Ronnie also showed me a simulation run and the values have to be spot on to work. These values won't necessarily translate exactly to real world components, but it will give you an idea of what your target is. You're kind of on your own to actually get the real components to match up to the simulation as we all know there are no ideal components in the real world, unlike in a purely mathematical simulation.Sounds like a project for a proof-of-concept buildoff, in that such a circuit "only" should be serving the tuning protocol of such a manual tuning procedure for a given set of, let's say plates then, or to be more precise 2 plates and nothing else, with both set in stone plate areas and gap (I.E distance between plates) submerged in deionized battery water, powered by an equally set in stone dumbed down VIC kinda transformer populated with set-in-stone coils/inductors placed on some OEM core which in turn are powered by a manually tuned standard 555 PWM Circuit operating at 2-4-6-8-10-12VDC for this very purpose.
I was rereading Stan/s WO 92/07861 and found I must have an error in the attached file which is now fixed. I had swapped values for R1 and R2 when calculating the frequency values output from 555 timer. The work order said output should be over 10KHZ and with values swapped I had only over 7KHz.
With correct values it actually puts out over 12HHz. This also changes the output values of the other 3 stages. Divide by 4 still applies.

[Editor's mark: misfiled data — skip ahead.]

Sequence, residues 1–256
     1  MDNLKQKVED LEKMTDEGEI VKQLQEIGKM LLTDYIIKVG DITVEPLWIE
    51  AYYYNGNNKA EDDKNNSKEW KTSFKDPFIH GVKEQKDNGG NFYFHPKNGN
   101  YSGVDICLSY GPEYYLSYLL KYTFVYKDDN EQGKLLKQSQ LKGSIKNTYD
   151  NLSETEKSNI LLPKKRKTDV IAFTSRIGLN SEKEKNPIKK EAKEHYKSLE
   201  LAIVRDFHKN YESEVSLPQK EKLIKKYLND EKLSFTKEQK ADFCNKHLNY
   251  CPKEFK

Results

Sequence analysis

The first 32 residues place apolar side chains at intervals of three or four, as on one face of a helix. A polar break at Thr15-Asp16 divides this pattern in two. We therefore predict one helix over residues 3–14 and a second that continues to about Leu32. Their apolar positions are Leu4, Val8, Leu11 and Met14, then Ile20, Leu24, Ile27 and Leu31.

Other big difference is the duty cycle is not near 50% but is over 90% for all frequencies. I also believe this matches better with wave trains other have been testing.
Since I wrote this analysis I have been looking closer at signal path for other modules and can see where the output of this board is feed into the input of other modules and one of those inputs goes to the Analog Voltage Generator through the Digital Control Means card. Ronnie is one of his posts stated that signals were all sync. in the GMC unit. I beginning to understand how that was done.
So it looks like the Frequency carrier goes by one path to one side of the primary coil and the analog frequency goes to the other side of the coil the analog voltage generator and control path. NOTE: Using the 4 selector switches on the front panel the two frequencies do not have to be the same and most likely are not.
If I understand one of Ronnie's posts one use of these switches could be to increase the voltage on cells during the conditioning phase. Re: "Understanding How Stan Meyers Fuel Cell Works" « Reply #444, on November 4th, 2016, 06:14 PM »